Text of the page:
Infant Age, Sex Tied to Mortality After Heart Repair


STOCKHOLM — Researchers were surprised to find striking gender differences in 30-day mortality when they analyzed 30,036 cardiac procedures in the European Association for Cardio-Thoracic Surgery's Congenital Database.

Neonatal girls were significantly more likely to die than were boys in the same age group, Dr. Matthias Siepe reported at a meeting of the association. Female mortality was 14% (319 deaths reported from 2,280 procedures) and male mortality was 12% (407 deaths out of 3,377 procedures).

When children were older than 1 year, however, the advantage was reversed. Boys had higher mortality, 2.3% (182 deaths out of 7,840 procedures), compared with girls, 1.8% (123 deaths out of 6,977 procedures).

Dr. Siepe, a resident in cardiovascular surgery at the University Hospital in Freiburg, Germany, said the investigators could offer no explanation for the change, but had started a multivariate analysis to search for underlying reasons.

“We asked, are females more prone to diagnoses that might be lethal? But … that is not the case,” he said at the meeting, which was held with the European Society of Thoracic Surgeons.

In an attempt to localize the effect, the investigators performed an analysis of the top 10 procedures. This turned up only one surgery, correction of coarctation, that was associated with a gender difference. Mortality was 3.5% in girls, compared with 1.6% in boys.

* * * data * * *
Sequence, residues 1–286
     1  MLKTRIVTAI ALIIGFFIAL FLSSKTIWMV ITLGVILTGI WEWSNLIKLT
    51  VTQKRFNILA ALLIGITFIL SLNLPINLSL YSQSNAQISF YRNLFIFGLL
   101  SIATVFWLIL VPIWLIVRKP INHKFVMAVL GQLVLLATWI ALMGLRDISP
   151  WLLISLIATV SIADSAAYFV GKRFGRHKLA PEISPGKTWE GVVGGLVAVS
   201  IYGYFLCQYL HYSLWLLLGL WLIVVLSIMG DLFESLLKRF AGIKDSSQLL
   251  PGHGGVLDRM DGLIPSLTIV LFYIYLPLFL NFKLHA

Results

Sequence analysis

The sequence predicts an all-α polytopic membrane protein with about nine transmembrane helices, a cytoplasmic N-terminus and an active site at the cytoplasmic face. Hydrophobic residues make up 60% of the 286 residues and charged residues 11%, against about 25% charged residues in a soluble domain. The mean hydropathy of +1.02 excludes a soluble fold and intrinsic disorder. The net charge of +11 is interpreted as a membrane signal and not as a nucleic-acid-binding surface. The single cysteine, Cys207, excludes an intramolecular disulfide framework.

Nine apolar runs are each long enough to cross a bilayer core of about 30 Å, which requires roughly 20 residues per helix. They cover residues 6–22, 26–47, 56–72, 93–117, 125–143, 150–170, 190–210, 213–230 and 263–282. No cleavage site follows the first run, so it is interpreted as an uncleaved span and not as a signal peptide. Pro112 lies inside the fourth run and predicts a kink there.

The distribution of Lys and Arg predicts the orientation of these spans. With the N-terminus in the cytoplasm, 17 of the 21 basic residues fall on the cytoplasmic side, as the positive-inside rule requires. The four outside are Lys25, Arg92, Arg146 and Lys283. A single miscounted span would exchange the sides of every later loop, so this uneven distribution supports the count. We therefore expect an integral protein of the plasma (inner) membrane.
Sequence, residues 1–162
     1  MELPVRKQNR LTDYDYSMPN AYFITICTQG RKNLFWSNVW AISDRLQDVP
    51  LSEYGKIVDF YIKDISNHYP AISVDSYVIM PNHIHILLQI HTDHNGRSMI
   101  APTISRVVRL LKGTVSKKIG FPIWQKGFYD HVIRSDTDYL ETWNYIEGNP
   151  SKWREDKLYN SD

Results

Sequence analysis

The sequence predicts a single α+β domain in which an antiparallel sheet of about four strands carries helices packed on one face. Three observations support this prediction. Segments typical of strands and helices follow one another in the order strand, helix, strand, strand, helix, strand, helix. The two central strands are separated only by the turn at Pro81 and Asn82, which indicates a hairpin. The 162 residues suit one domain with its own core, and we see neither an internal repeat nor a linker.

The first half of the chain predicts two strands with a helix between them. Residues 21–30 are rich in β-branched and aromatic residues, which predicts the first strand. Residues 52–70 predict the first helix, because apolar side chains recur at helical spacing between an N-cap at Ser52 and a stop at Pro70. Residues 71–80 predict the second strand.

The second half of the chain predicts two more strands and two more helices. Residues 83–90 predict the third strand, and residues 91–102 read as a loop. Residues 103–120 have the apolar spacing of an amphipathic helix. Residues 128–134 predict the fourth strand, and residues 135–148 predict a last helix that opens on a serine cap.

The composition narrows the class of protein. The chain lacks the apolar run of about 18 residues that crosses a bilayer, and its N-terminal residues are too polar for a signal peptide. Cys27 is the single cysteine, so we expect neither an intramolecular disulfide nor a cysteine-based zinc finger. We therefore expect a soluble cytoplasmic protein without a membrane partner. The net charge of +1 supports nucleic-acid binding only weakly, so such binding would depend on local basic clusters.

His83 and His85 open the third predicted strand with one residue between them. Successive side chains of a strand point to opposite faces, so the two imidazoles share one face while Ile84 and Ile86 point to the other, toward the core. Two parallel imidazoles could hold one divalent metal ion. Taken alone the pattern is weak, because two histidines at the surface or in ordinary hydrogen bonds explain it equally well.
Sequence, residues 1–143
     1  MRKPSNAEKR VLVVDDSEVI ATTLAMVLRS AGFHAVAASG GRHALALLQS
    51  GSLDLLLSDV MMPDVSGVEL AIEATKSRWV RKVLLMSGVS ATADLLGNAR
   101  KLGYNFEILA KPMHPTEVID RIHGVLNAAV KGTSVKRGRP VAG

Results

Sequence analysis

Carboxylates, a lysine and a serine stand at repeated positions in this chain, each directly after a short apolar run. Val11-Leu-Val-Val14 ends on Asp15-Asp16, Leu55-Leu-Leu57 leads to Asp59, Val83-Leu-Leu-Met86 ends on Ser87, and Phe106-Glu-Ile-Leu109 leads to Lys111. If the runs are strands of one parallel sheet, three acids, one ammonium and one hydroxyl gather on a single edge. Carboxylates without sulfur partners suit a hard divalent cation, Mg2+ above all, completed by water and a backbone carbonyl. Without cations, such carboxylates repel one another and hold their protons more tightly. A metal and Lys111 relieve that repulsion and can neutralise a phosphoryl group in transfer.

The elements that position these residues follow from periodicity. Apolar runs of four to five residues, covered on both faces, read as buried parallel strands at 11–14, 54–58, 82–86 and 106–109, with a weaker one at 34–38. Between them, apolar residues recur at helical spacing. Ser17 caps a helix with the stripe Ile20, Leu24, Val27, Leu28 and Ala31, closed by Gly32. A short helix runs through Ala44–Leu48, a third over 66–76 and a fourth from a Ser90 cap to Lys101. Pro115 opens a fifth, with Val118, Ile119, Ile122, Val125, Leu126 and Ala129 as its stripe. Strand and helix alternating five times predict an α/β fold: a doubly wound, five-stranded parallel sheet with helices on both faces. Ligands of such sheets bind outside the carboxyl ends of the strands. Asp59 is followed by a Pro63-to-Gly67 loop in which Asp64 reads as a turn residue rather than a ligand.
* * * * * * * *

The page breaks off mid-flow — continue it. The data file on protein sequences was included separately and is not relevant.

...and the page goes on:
Among neonates, despite the higher death rate in girls, boys had more hypoplastic left heart syndrome, which contributed significantly to mortality in this age group.

Dr. Siepe said the investigators did not find a significant global difference between girls and boys overall. The girls had a 30-day mortality of 4.8% (659 deaths out of 13,780 procedures). For the boys, it was 5.1% (837 deaths out of 16,256 procedures).

Poland was the only country in which the investigators reported an overall gender difference. Boys had higher mortality, 4.4%, than girls, 2.7%, according to the report.

Asked whether smaller weight at birth could account for higher mortality in neonatal girls, compared with neonatal boys, Dr. Siepe said correcting for weight reduced the gap but did not eliminate it.

In an interview after the talk, he described the difference in neonatal mortality as “even more astonishing” when compared with mortality in infants who are premature but healthy. “In prenatal births in intensive care units, ordinarily premature girls are stronger when they are born,” he said.

While the results are intriguing, he said the differences are small and have no practical meaning unless the researchers can determine the underlying causes. “But if we go into more detail and find mechanisms why female neonates are more prone to die, we may be able to treat these mechanisms and make our therapy better,” he said.

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